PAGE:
When Striking a pose
The first sound piece of advice that can come to mind here is that of picking the right location(s), which is so far often easier said than done. The photographer in charge should have a few ideas in mind already, top “hot spots” in Toronto, a major city offering lots of great options, or even in cities like Alberta or those surrounding it. There are plenty of free-to-use shooting locations that do not require a reservation of any form.
But for when it comes to capturing the right shots at the right moment, pose (not only timing and angle capture) is truly the framework by which all else will fall into place…..
- Consider a standing, kneeling, bowing, sitting, running, jumping or other type of pose that makes both people in the matrimony comfortable….that’s the secret — “comfortable and relaxed” are the two key words here.
- When the couple is both of these, then the natural pose will fall into play more easily.
- And if you’re the photographer, consider allowing both candidates of the shoot to play around with numerous poses until they find one that they are both comfortable remaining in, even for extended periods.
Advice for when shooting in the snowier parts of Canada: Considerations for unpredictable weather…..
As you may know, beautiful Canada gets all types of weather during all seasons of the year. Sometimes, what the weather will be like for the next week, or day, alone, is truly unexpected. So consider these facts:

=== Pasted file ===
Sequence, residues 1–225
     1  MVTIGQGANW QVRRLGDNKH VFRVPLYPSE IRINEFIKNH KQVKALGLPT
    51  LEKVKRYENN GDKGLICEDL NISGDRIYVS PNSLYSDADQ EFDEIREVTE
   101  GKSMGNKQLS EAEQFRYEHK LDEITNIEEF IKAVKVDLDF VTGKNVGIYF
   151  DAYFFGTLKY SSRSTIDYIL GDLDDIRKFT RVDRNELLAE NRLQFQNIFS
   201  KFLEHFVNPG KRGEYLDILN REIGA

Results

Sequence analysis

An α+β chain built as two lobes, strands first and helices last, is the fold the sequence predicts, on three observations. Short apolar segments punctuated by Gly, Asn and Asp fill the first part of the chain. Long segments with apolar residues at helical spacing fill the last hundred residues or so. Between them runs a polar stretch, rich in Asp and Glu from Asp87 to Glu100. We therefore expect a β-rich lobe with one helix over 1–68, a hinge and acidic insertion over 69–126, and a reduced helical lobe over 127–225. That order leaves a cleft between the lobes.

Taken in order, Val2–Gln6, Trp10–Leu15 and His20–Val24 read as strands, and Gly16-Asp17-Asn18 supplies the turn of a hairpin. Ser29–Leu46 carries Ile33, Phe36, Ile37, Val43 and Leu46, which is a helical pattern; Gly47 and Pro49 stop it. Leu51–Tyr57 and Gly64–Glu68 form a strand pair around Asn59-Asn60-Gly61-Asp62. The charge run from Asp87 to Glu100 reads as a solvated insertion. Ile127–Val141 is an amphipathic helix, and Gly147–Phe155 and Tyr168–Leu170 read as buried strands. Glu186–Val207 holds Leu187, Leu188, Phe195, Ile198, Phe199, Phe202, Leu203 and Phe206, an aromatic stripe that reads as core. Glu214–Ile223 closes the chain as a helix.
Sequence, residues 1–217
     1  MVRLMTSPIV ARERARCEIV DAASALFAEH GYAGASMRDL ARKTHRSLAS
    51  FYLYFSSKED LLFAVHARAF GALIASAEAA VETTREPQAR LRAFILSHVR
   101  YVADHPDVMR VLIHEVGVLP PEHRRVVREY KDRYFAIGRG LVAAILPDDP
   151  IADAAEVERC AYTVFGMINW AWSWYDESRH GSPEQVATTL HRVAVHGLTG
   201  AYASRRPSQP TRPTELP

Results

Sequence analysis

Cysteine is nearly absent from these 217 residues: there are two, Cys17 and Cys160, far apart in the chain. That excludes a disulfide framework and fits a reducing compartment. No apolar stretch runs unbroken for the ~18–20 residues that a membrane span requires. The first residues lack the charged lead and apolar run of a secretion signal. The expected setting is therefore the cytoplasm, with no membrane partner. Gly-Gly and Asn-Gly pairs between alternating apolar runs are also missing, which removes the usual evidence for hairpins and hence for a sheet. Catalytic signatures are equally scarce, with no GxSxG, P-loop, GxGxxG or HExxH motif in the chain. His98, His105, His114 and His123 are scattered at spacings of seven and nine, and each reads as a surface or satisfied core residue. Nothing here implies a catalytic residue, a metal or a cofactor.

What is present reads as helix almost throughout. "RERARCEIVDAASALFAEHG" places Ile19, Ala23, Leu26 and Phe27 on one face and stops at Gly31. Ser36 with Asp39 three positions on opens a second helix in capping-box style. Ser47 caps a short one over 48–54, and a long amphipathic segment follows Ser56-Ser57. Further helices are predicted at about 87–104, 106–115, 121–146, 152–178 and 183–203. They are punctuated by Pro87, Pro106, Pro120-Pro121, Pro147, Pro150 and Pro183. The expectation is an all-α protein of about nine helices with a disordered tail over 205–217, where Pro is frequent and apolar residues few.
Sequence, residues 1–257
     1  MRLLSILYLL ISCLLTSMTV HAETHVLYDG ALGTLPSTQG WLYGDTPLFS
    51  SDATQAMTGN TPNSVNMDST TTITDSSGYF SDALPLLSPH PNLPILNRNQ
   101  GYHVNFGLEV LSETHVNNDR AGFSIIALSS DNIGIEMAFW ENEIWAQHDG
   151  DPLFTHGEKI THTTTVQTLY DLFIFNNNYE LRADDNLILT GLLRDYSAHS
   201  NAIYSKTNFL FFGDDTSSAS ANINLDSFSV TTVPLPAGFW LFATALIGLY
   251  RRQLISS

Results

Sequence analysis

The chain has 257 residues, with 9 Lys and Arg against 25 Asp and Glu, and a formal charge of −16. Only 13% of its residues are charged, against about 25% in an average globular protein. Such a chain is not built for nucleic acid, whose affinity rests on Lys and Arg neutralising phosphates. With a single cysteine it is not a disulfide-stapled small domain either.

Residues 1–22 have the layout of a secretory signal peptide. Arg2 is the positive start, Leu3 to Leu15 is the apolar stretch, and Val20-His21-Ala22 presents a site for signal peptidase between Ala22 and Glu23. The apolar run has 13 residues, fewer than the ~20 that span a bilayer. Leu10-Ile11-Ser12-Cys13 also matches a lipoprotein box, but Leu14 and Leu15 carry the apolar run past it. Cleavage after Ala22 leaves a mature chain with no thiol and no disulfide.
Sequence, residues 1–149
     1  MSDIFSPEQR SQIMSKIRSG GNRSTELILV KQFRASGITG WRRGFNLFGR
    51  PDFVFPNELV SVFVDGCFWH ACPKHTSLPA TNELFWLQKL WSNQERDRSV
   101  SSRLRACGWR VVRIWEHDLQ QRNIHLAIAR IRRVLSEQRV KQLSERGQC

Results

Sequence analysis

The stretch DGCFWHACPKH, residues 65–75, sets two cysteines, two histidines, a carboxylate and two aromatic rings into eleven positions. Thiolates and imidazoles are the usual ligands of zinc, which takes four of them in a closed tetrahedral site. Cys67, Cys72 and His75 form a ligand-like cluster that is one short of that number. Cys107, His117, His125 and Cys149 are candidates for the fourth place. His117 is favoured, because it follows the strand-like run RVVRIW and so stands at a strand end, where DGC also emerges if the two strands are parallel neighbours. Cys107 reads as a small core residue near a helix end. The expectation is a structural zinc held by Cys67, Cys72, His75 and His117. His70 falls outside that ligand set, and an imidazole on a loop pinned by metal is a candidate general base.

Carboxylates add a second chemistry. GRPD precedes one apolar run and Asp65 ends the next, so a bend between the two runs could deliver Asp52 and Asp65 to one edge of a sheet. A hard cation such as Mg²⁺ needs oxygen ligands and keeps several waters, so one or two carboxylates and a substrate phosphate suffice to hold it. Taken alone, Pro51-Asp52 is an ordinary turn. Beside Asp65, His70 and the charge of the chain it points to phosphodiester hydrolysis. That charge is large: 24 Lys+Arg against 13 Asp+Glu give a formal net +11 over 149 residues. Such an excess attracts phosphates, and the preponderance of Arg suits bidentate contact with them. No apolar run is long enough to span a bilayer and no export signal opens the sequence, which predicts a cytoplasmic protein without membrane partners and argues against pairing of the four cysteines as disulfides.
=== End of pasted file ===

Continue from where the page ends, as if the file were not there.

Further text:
- Different types of outfits, both warm and cold, should be assessed by the photographer and the couple before heading out to the shoot location(s).
- It’s important for the photographer to assess what may and may not be ‘lens-friendly’ when shooting, considering multitudinous factors like colors, textures, sizes and much more, in addition to patterns and how they may offshoot or even enhance the quality of any timed capture.
- As such, bringing an entire combination of scarves, jackets, hats, shoes, pants, shorts, leggings, shirts, and more will offer a greater variety of options that the photographer can work with.
In addition, there are certain moments that professionals have come to embrace as “Kodak moments”, times in which (during a very limited window of opportunity), the obstacle or impediment getting in the way of shooting can actually work for the benefit of a greater shot, a true “Kodak moment”. And here’s how it can play out…..
- Both participants feel cold and shrug, hugging each other for warmth and wishing they were someplace else.
- This makes for a perfect “serious” or “silent” shot, so zoom in on the emotion seen in both faces.
Remember to start with the right look; just play around with this until the best capturable poses are found. And sometimes, there’s no ‘right or wrong’ way to do it, just what works best in each situation. Also, bring several outfits and props, as needed, to offer more options for shooting in various weather conditions and backgrounds.